The Johns Hopkins Applied Physics Laboratory (APL) in Laurel, Maryland has deployed its largest environmental simulator in preparation for NASA’s Dragonfly Mission to Saturn’s Moon Titan.

During the chamber’s recent inaugural run, a replica of the car-sized rotorcraft lander endured the extreme conditions of Saturn’s largest moon—reaching temperatures of minus 180 degrees Celsius in an atmosphere four times denser than Earth’s. The successful week-long test required 200 gallons of liquid nitrogen per hour for continuous simulation of Titan’s temperatures and atmospheric pressure.

While smaller test chambers have simulated Titan’s environment for Dragonfly’s systems and components, Dynavac’s approx. 3,000 cu. ft. chamber allows for testing on the full-scale thermal model of NASA’s nuclear-powered drone.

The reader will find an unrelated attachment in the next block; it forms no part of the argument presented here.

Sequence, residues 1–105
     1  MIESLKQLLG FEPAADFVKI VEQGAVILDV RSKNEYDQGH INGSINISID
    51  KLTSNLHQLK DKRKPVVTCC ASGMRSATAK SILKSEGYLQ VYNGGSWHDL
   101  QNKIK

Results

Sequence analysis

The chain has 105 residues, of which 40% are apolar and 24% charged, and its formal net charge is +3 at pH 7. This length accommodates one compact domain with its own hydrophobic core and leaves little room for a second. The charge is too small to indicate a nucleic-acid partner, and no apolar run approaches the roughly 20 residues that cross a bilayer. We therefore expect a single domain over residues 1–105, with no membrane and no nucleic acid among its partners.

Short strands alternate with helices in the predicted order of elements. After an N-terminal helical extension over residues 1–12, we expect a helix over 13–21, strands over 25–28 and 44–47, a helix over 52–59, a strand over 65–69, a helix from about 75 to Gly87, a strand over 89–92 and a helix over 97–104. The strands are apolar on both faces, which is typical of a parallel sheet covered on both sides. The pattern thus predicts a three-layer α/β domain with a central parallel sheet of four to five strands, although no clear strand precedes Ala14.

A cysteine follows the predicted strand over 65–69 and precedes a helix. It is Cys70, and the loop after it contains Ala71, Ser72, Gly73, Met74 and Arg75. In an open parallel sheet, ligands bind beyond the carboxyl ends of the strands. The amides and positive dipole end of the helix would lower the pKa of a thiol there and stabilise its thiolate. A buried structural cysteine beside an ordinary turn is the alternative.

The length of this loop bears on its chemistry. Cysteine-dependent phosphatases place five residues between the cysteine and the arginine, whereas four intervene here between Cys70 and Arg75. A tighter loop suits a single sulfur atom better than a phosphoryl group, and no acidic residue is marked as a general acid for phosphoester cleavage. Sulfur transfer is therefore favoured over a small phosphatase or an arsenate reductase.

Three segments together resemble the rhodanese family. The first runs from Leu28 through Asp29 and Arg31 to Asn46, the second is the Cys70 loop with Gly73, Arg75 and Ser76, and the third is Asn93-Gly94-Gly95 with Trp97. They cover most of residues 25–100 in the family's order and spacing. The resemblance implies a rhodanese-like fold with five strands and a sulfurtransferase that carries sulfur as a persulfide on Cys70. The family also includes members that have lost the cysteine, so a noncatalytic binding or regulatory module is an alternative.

“Operation of the Titan Chamber is a significant milestone that advances our spaceflight development capability,” said Bobby Braun, head of APL’s Space Exploration Sector. “Created with internal investment funds, this facility is critical to making sure that a game-changing mission like Dragonfly is able to operate reliably in the exotic, alien environment of Titan. It also provides our teams with a cutting-edge resource to prepare a broad range of spacecraft for exploration of the extreme environments found in the outer solar system.”

After Dragonfly launches, APL will reconfigure the 165,000-pound chamber from temperature-altitude testing to a full thermal-vacuum system.


Images: NASA/Johns Hopkins APL/Ed Whitman

Full-scale rotorcraft thermal model in the Dynavac chamber

Dynavac Titan environmental chamber

Titan environmental simulation chamber at JHU APL

Dynavac thermal vacuum chamber HMI

System operator controlling the JHU APL Titan chamber via Dynavac HMI